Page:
A few prominent researchers have been blowing big bubbles lately about how their valuation models can predict future stock prices. Well, their bubble is about to be popped. The future return of the market can be predicted with a newly discovered model — based on the price of bubblegum.

Chewing gum has been around since ancient Greece. It was made from the resin of mastic trees. The very first bubblegum was invented by Frank Henry Fleer in 1906. He called it Blibber-Blubber. Today, dozens of companies worldwide produce and sell bubblegum under an assortment of brand names.

I thought it would be interesting to compare year-end S&P 500 prices to year-end bubblegum prices to see if the cost of one piece had any predictive value. I constructed the price-to-bubblegum ratio (P/BG) that compared the past prices of gum relative to an earning-adjusted S&P 500 price. To my surprise, bubblegum does a good job forecasting the market.

I created a bubblegum price index from 1953 to 2012 using prices found on old bubblegum wrapper images posted on the internet by collectors. Years where there were no prices available were interpolated using the Consumer Price Index (CPI). I then multiplied the gum price by factor to increase the size of the denominator in the P/BG ratio.

Robert Shiller’s online database (see hyperlinked Excel file) was used to construct an earnings-adjusted S&P 500 closing price from 1953 to 2012. I wanted to measure the price of the S&P 500 as if annual real earnings growth was factored out of the return data each year. This allows the S&P 500 price at the end of one year to be compared to other years without the difference in real earnings levels getting in the way.

The adjusted S&P 500 closing levels were then compared to bubblegum prices over the 60-year period. Figure 1 illustrates the change in the P/BG ratio from 1953 to 2012.

**Figure 1: Earnings-Adjusted S&P 500 Price-to-Bubblegum Ratio (P/BG) 1953-2012**

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*Sources: Robert Shiller online database, historic bubblegum prices found on the Internet*

The P/BG ratio low was about 20 while the high was 150. The central P/BG tendency was between 35 and 44. The Pop Zone and Flavor Zone levels will be explained soon.

My intent in the study was to measure the P/BG ratio predictive value. Each year from 1953 to 2003, I measured the 10-year forward price return for the S&P 500. There were 60 independent periods. Figure 2 compares these results to each starting P/BG ratio. The horizontal axis (X-axis) is the P/BG starting ratio each year and the vertical axis (Y-axis) is the annualized 10-year forward return from that year.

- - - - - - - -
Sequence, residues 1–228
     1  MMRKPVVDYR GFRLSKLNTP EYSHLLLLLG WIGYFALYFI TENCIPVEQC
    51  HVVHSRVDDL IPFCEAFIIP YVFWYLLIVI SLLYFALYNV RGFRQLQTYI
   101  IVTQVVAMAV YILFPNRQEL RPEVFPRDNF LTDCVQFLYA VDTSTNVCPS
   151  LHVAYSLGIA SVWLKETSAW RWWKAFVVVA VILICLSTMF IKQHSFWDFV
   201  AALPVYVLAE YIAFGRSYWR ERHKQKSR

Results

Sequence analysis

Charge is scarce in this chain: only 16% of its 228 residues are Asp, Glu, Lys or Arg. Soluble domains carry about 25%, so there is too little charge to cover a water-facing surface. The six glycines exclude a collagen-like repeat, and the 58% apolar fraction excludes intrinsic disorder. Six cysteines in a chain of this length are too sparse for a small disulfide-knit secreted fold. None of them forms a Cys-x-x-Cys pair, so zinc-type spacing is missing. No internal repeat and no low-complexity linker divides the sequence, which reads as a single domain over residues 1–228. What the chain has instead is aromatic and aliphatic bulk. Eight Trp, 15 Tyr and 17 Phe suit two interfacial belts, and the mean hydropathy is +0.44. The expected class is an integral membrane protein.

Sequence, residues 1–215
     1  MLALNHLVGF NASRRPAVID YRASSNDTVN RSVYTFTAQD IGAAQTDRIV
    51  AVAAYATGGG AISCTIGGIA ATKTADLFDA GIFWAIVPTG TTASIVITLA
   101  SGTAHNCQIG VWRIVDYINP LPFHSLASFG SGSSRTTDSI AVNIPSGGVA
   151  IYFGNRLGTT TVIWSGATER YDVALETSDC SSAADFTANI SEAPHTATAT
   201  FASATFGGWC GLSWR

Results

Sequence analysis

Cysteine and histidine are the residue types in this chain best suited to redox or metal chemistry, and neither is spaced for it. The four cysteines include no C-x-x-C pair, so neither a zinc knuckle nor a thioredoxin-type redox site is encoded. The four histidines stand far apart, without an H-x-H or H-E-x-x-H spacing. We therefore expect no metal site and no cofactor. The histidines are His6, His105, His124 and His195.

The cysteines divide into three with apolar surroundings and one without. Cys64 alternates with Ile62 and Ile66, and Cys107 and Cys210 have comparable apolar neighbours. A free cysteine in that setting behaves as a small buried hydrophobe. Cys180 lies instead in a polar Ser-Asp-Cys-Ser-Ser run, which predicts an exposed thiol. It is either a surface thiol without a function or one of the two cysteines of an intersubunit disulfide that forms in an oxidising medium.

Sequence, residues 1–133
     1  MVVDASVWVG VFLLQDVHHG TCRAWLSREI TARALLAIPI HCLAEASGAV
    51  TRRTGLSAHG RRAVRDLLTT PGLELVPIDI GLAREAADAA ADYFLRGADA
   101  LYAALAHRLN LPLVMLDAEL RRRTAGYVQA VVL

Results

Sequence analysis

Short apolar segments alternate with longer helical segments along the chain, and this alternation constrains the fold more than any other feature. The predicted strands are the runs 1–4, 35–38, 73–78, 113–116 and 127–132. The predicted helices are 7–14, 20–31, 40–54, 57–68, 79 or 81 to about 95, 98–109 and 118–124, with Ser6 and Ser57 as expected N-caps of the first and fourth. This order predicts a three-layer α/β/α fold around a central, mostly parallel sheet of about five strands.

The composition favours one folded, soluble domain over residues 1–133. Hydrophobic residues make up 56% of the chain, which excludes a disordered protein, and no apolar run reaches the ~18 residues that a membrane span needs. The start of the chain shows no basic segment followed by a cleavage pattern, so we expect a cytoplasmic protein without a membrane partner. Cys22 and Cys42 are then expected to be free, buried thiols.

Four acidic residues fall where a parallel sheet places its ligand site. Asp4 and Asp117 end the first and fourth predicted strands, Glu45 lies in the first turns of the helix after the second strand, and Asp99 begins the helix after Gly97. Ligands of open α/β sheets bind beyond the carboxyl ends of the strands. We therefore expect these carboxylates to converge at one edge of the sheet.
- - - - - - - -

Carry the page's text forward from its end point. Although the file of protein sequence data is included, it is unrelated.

**Figure 2: Starting P/BG Ratio and Future 10-year Earning-Adjusted S&P 500 Returns**

*Sources: Robert Shiller online database, historic bubblegum prices found on the Internet*

There appears to be a strong relationship between starting bubblegum prices and the future return of the S&P 500. When the starting P/BG ratio was low, the future 10-year stock market return was high and when the starting P/BG ratio was high the future return was low.

Figure 3 vividly documents this relationship. The P/BG ratio was divided into three groups based on the level; Below 30, 30 to 50, and Over 50. The average annualized future 10-year return for each ratio group is illustrated.

**Figure 3: Starting P/BG Ratios and 10-Year Annualized S&P 500 Forward Price Return**

*Sources: Robert Shiller online database, historic bubblegum prices found on the Internet, image from Flickr*

The Bubblegum Ratio looks to have significant predictive value for future stock returns. Market returns were highest when the starting P/BG ratio was below 30 and lowest when it was over 50. Starting ratios between 30 and 50 also returned a respectable 10 percent annualized on average.

Refined data analysis finds that a P/BG ratio over 44 puts the stock market in the “Pop Zone” and in danger of low returns. A ratio below 28 was in the “Flavor Zone” and delivered annualized returns over 13% in every case. Investors could develop a profitable trading strategy using the Pop Zone and Flavor Zone levels.

Do you believe it? You shouldn’t.

I didn’t do this analysis to find a bubblegum price trading strategy or make the claim that the P/BG ratio predicted the stock market. It doesn’t. I did it to make a point about all stock valuations ratios.

All stock market valuation indicators use current market price when forming a ratio. A market index price is the numerator in the ratio (the top number being divided) and then a denominator is selected to divided into it. This means only the choice of a denominator will make the difference between the results of one ratio versus another.

Denominators could be many things: trailing 12-month earnings, average 10-year earnings, book value, revenue, GDP, productivity gains and even bubblegum prices. The important aspect of a good denominator is that it’s fairly steady or else the ratio can become too volatile for use.

Since all the denominators (X) are relatively steady numbers, they’re all going to lead to the same result in a P/X comparison. One denominator isn’t going to predict market returns any better than another. When price of stock are high, all the P/X ratios are high and forecast lower 10-year returns. When the stock market is low, they’re all low and forecast double-digit gains.

In recent months, a lot of attention has been given to a certain valuation ratio that uses trailing 10-year earnings as the denominator. There has even been market-timing exchange-traded fund strategies created around using 10-year earnings as a trigger.

I’m not convinced that trailing 10-year earnings is a better indicator of future stock market performance than any other denominator may be, including bubblegum prices. All I can tell you is that the Bubblegum Ratio is below the “Pop Zone” — and that’s something to chew on.